Encore: She Spied on the Germans in WWII

Julia Parsons joins Tim to talk about her role as a code-breaker during World War II. Julia was part of a a team of Navy women stationed in Washington, D.C. during World War II who worked to decipher German submarine messages that were sent in secret code using the Enigma machine. Her work relied on the now legendary Bombe machine invented by Alan Turing. This episode was originally released on July 22, 2019.

Enigma code

If you’ve ever seen the motion picture The Imitation Game, you would be familiar with the story of Alan Turing and his highly secretive and revolutionary work during World War II.

If you have seen that movie, it may give you a greater sense of what Julia Parsons, this episode’s guest, did in her own way to help the Allies defeat the Nazis.

Not long after the war started, German submarines were sinking more ships than the United States could replace. During 1942, German subs patrolled just off America’s Atlantic coast. Under the cover of darkness, they would torpedo ships that were silhouetted against the city lights in the background.

In the open water, German U-boats would operate in packs and sink entire convoys in coordinated attacks.

If a U-boat spotted a convoy, the German skipper would communicate with other U-boats nearby using a complex machine that sent coded messages that only other U-boats could decipher using the same machine. Then they would converge like a pack of wolves and attack allied ships. The goal was to cut off England’s supply line from the United States.

The machine that the German military used to create that secret code was called the Enigma. Enigma was so sophisticated it was thought impossible to crack.

The entire secret language the machine used changed completely every 24 hours. So, even if you were to crack the code of the machine today, you would have to start all over again tomorrow.

Both the Americans and the British were working hard on both sides of the Atlantic to crack the German military’s secret code.

In England, British Intelligence put together a team of their greatest minds and set about trying to solve the Enigma code. Alan Turing, young a mathematical genius, ran his own group as part of that effort, which would somehow find a way to crack the Enigma code.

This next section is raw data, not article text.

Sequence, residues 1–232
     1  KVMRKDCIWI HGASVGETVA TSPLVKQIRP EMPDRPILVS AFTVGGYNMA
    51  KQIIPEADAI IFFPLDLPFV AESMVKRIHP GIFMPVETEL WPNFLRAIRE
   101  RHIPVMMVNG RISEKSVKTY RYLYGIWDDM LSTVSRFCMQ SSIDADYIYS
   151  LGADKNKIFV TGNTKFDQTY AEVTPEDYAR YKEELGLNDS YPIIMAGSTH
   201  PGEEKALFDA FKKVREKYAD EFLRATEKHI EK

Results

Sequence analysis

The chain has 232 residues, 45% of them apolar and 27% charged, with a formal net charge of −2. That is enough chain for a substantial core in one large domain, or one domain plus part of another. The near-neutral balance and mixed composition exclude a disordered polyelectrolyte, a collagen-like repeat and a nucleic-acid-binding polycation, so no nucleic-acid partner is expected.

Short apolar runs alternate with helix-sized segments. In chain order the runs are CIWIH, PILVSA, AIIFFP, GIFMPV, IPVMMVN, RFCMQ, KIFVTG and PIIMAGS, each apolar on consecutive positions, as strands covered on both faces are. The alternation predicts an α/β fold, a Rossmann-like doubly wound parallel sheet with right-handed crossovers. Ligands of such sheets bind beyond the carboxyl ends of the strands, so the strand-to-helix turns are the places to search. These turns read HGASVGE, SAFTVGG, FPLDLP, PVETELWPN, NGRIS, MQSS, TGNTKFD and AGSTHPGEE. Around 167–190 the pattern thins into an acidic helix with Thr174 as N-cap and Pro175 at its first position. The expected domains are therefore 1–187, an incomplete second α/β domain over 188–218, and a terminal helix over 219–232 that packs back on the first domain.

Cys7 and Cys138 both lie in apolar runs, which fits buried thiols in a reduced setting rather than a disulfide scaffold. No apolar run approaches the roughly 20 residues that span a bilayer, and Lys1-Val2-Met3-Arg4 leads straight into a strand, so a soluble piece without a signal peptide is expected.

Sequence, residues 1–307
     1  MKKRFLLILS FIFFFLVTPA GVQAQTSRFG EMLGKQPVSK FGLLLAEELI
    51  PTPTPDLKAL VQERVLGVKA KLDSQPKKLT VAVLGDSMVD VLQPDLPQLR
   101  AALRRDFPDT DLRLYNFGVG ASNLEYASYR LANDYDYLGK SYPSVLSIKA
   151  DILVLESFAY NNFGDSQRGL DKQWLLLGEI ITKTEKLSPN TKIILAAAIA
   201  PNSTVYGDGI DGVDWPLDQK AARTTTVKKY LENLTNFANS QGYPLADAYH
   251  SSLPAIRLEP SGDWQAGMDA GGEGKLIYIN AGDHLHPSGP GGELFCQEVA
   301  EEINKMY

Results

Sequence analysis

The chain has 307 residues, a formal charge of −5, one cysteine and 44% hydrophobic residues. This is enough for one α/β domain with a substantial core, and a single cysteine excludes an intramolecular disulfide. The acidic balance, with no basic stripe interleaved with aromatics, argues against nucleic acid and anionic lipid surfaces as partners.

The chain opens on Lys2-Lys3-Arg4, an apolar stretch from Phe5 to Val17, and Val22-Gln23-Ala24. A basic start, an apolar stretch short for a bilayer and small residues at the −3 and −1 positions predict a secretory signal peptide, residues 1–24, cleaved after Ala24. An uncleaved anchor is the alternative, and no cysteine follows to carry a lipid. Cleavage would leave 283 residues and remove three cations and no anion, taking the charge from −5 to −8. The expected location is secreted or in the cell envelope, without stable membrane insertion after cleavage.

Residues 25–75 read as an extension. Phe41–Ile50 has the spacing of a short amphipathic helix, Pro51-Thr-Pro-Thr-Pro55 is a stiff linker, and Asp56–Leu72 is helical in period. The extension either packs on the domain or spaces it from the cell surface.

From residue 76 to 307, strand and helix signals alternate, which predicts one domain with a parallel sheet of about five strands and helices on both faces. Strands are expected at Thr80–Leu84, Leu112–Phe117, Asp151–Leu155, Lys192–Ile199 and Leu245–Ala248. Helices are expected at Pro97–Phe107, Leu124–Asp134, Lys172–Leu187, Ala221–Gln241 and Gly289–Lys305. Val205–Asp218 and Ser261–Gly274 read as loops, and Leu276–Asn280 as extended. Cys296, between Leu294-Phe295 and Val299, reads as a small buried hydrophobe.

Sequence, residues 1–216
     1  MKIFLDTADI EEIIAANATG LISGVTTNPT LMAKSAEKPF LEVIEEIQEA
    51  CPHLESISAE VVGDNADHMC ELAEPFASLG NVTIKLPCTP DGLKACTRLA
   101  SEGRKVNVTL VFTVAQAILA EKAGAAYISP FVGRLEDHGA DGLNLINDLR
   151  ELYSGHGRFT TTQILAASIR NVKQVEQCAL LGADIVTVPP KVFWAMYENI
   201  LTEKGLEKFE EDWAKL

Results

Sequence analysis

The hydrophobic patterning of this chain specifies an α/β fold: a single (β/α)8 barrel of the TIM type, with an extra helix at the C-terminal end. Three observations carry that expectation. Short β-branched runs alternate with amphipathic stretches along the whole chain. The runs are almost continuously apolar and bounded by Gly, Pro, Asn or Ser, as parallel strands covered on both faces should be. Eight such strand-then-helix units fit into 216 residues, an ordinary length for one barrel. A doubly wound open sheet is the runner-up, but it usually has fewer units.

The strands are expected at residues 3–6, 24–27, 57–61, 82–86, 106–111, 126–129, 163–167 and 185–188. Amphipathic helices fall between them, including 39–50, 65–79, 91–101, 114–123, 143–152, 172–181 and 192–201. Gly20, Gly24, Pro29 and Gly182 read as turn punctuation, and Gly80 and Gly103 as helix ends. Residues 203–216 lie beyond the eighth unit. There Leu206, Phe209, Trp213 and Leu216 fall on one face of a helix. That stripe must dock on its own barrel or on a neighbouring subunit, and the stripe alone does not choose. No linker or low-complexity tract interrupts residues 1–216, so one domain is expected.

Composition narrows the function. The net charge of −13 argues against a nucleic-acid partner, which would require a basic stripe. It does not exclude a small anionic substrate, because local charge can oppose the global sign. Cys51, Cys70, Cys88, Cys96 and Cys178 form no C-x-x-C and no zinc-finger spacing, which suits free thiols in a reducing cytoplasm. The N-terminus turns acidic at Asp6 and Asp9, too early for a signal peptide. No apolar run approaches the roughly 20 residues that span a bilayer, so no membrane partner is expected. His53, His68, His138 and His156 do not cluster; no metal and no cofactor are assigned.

In the process, he and his team created a new machine. Turing had realized that human beings alone could not analyze the vast amounts of data required every 24 hours to solve the Enigma problem each day. They needed a machine that was equally sophisticated at unlocking the Enigma code.

The machine Turing’s team invented was known as the Bombe, and not only would it crack the Enigma code, shortening World War II by two or three years and saving countless lives, but it would also launch the modern era of computing.

Thanks to the Bombe machine, the Allies could read German communications and gain a strategic military advantage in the field. German U-boats were neutralized. Allied ships were steered away from U-boats and kept safe.

In December 1942, Turing went to the United States to share what he knew about Enigma, along with his own solutions, with the U.S. military.

Meanwhile, the U.S. had its own code-cracking team.

Within that larger U.S. effort, Julia Parsons was on a team of Navy women who worked to decipher German U-boat messages sent by the Enigma machine.

In the Naval Communications Annex on Nebraska Avenue, thousands of WAVES (Women Accepted for Voluntary Emergency Services) worked in three shifts to break the codes the Germans used in Europe and on the Atlantic, and by the Japanese in the Pacific.


About this Episode’s Guest Julia Parsons

Julia Parsons is a graduate of Carnegie Tech (Carnegie Mellon University) and was a student when the Japanese bombed Pearl Harbor. Upon graduation, she decided to join the war effort as a member of the WAVES. She also happens to be the youngest 98-year old you’ll ever meet.